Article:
HE Supreme Court Friday warned state governments of contempt action if citizens are harassed or victimized for flagging non-availability of oxygen and essential medicines over the internet.
Justice Chandrachud said there should not be any clamp-down on information shared on the internet by needy people.
These observations were made by Justice Chandrachud to Solicitor General Tushar Mehta who, in response, said as an officer of the court as well citizen he wholeheartedly agreed with it.
“It is with deep distress that we note that individuals seeking help on such platforms have been targeted, by alleging that the information posted by them is false and has only been posted in social media to create panic, defame the administration or damage the “national image”. We do not hesitate in saying that such targeting shall not be condoned”, the bench said.
In these trying times, the Court said, those desperately seeking help for their loved ones on these platforms should not have their misery compounded through the actions of the State and its instrumentalities.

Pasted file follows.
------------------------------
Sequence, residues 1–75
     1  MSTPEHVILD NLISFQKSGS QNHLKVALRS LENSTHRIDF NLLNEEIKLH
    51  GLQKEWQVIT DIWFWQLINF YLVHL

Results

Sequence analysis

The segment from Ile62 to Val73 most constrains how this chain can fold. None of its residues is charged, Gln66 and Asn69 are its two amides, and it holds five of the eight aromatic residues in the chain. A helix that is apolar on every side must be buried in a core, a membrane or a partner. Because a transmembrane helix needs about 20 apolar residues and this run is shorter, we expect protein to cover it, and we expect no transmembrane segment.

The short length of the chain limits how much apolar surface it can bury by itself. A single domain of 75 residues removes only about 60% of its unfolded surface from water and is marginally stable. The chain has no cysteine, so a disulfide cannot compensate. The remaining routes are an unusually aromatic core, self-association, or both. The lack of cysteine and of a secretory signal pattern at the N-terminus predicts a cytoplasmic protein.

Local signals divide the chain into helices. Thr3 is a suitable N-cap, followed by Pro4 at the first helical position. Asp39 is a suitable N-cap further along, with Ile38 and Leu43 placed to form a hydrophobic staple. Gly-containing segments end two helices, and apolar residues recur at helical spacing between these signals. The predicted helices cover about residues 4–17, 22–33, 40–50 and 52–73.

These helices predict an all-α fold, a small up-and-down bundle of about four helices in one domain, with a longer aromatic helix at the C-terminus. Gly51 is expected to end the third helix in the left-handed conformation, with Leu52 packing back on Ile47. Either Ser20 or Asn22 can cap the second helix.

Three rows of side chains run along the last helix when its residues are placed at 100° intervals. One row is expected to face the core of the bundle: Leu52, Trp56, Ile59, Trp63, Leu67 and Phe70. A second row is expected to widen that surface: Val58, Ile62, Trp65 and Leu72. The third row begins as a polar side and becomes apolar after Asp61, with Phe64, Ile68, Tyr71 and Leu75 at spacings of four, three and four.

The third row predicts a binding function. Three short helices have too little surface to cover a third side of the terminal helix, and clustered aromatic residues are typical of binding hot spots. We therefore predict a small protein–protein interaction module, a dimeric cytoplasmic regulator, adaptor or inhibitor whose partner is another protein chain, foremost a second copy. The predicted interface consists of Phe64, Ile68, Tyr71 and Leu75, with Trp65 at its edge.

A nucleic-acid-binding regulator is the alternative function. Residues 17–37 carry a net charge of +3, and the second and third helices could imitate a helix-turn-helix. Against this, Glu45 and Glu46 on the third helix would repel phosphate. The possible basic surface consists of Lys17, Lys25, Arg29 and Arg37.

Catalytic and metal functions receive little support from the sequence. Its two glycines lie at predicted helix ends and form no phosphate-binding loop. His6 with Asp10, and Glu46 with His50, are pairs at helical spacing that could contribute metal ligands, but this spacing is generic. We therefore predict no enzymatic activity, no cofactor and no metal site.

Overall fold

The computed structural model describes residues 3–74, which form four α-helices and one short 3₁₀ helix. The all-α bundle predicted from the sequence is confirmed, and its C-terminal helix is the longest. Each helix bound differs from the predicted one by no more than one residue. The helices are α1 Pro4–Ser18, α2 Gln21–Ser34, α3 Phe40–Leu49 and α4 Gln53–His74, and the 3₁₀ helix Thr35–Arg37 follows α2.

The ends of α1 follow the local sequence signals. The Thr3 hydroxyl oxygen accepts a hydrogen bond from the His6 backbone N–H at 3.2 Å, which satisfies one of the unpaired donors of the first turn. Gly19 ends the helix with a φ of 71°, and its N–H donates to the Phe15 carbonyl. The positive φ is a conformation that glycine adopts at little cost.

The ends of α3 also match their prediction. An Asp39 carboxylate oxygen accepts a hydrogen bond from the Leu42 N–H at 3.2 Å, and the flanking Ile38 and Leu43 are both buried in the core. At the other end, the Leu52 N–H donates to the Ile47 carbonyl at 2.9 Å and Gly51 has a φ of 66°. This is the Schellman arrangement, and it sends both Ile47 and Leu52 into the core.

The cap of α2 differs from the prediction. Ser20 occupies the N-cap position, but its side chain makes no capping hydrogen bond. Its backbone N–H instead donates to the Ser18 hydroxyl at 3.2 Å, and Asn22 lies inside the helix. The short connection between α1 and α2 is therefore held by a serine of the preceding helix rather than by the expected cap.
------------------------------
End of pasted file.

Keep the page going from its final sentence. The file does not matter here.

It added preventing clampdowns on sharing of information on online platforms was not just in the interest of individuals sharing the information, but the larger democratic structures of our nation.
“Without the ready availability of such information, it is entirely possible that the COVID-19 pandemic may turn into a tragedy worse than what it already is”, the Court said.
It added sharing information widely would help in the creation of a “collective public memory” of this pandemic.
The order came to be made by the court while hearing the suo motu case on the Covid19 crisis in the country.
Earlier this week, a man was booked by the Uttar Pradesh police for a tweet asking for an oxygen cylinder for his 88-year-old relative. He was accused of creating fear among people.
Asserting that there was no shortage of oxygen in any private or public COVID hospital in Uttar Pradesh, chief minister Yogi Adityanath last week asked officials to take action under the National Security Act (NSA) and the Gangsters Act against “anti-social elements” who spread “rumours” and propaganda on social media and try to “spoil the atmosphere”, the Hindu reported.